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Marketing Leadership Updated on: Apr 14, 2023

Questions to ask a Chief Marketing Officer

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Looking for a Chief Marketing Officer should not be a task taken lightly. CMOs are in charge of managing all marketing operations, they contribute to growing sales, finding new business opportunities, and are responsible for planning, executing, and overseeing all your marketing activities A qualified Chief Marketing Officer (CMO) shouldn’t just be skilled to do the job, they should also fit your company's culture and have a proven track record of driving measurable results.

During the interview process, you should identify and learn their management and leadership style, their technical and analytical skills, their communication and problem-solving skills, and their willingness to learn. Stay away from candidates who present poor organizational skills, and lack of communication skills. 

10 CMO interview questions 

The traditional and routine interview script “what are your greatest strengths?" or, "where do you see yourself in five years?" is not only tiresome but truly ineffective at determining whether the person in front of you is a good fit for the role and your team. 

The following ten interview questions will get you to the heart of a CMO candidate’s personality, strengths, weaknesses, and skills - while avoiding the awkward interrogation and rehearsed answers. 

1. What's on your marketing dashboard, and what KPIs do you track?

Why this matters: The answer to this question tells you what marketing is for them. What does success look like for them? What results do they care about? This answer tells you if they can turn metrics into concrete results. For example, if they're tracking customer satisfaction, that shows they think about marketing through the lens of customer experience. If they track average revenue per customer, they're thinking about what marketing influences.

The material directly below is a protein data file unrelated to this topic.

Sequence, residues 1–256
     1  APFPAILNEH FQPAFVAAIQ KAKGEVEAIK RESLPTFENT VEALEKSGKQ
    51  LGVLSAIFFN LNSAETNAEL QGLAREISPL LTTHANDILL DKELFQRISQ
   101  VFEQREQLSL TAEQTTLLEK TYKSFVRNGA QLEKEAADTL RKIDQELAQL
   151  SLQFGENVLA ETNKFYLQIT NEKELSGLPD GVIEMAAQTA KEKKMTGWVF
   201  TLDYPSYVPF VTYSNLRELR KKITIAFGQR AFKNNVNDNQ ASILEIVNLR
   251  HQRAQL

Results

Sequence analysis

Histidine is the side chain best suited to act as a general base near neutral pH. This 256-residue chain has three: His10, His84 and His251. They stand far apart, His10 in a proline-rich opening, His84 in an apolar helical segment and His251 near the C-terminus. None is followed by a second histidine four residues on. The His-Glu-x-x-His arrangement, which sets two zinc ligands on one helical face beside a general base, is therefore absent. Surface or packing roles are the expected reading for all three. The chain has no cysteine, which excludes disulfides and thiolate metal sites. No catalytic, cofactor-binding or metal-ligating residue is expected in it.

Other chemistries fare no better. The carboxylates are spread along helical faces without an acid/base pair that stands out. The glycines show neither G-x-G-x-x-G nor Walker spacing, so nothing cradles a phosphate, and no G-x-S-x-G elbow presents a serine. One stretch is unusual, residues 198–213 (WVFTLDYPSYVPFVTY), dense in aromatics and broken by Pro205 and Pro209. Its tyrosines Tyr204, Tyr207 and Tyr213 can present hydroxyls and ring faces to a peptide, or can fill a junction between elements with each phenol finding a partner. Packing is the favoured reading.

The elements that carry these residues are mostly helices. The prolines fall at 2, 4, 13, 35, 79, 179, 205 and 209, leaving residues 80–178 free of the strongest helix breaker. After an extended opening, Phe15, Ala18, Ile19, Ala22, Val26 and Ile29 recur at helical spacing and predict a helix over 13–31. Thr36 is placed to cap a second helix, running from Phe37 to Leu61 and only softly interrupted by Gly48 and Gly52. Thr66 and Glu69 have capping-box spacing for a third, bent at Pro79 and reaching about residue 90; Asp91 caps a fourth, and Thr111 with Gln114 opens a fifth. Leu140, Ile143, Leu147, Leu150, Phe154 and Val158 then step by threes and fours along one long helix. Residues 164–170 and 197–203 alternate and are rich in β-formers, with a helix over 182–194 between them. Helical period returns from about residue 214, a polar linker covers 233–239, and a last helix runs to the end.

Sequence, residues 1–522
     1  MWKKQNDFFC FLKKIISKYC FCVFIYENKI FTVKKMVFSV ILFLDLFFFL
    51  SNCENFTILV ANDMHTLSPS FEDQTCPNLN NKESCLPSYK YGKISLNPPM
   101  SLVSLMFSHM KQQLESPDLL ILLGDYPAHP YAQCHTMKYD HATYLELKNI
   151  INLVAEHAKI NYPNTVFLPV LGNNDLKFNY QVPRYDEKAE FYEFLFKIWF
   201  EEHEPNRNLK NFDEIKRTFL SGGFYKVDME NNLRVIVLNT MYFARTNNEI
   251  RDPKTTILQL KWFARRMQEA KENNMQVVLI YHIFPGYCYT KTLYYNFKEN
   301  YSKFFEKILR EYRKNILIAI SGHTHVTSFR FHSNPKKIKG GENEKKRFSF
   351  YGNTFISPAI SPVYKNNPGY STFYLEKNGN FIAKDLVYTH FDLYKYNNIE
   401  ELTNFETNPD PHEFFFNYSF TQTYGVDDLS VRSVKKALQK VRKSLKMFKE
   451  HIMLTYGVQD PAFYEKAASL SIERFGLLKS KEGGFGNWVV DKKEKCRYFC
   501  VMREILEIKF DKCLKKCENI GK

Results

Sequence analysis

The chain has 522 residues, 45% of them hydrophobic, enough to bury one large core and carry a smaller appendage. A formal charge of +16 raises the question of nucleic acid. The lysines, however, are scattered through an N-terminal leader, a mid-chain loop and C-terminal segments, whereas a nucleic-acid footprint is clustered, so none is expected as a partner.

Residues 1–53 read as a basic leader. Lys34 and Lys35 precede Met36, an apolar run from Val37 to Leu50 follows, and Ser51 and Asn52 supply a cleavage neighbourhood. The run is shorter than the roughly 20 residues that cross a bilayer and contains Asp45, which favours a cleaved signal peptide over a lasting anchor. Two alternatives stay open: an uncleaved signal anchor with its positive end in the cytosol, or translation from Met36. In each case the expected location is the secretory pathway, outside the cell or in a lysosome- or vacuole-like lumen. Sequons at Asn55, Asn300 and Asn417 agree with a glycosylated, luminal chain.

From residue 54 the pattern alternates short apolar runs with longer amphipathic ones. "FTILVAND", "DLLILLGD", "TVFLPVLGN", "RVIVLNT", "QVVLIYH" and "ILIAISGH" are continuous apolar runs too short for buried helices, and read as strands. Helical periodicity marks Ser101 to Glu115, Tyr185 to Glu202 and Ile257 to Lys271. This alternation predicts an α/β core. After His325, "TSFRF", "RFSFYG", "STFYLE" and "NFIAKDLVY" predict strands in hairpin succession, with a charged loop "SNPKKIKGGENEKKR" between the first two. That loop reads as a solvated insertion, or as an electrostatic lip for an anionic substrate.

2. How do you approach branding a company, and its products and services?

Why this matters: The problem with branding and marketing is that everyone has an opinion about it. How does the CMO balance the opinions of the executive team, the CEO, and board members with the ability to test and use data to make a point? It can be tricky for a marketing leader to effectively manage the branding process, without burning a lot of team bandwidth.

3. What do you consider the biggest challenges for a CMO these days? How do you work with your executive team to get the most out of the marketing function?

Why this matters: This question will allow the candidate to showcase and reveal their leadership skills and style, while also stating the challenges they struggle with. It is also vital to learn how the person communicates with the executive leadership and holds their marketing team accountable. One of the most beautiful things about marketing is that it is multifaceted: its math, art, branding, sales, event management, digital execution, and project management—and a good marketing leader is able to connect all these areas and build the right working contracts among their peers.

4. What pricing frameworks do you prefer to use?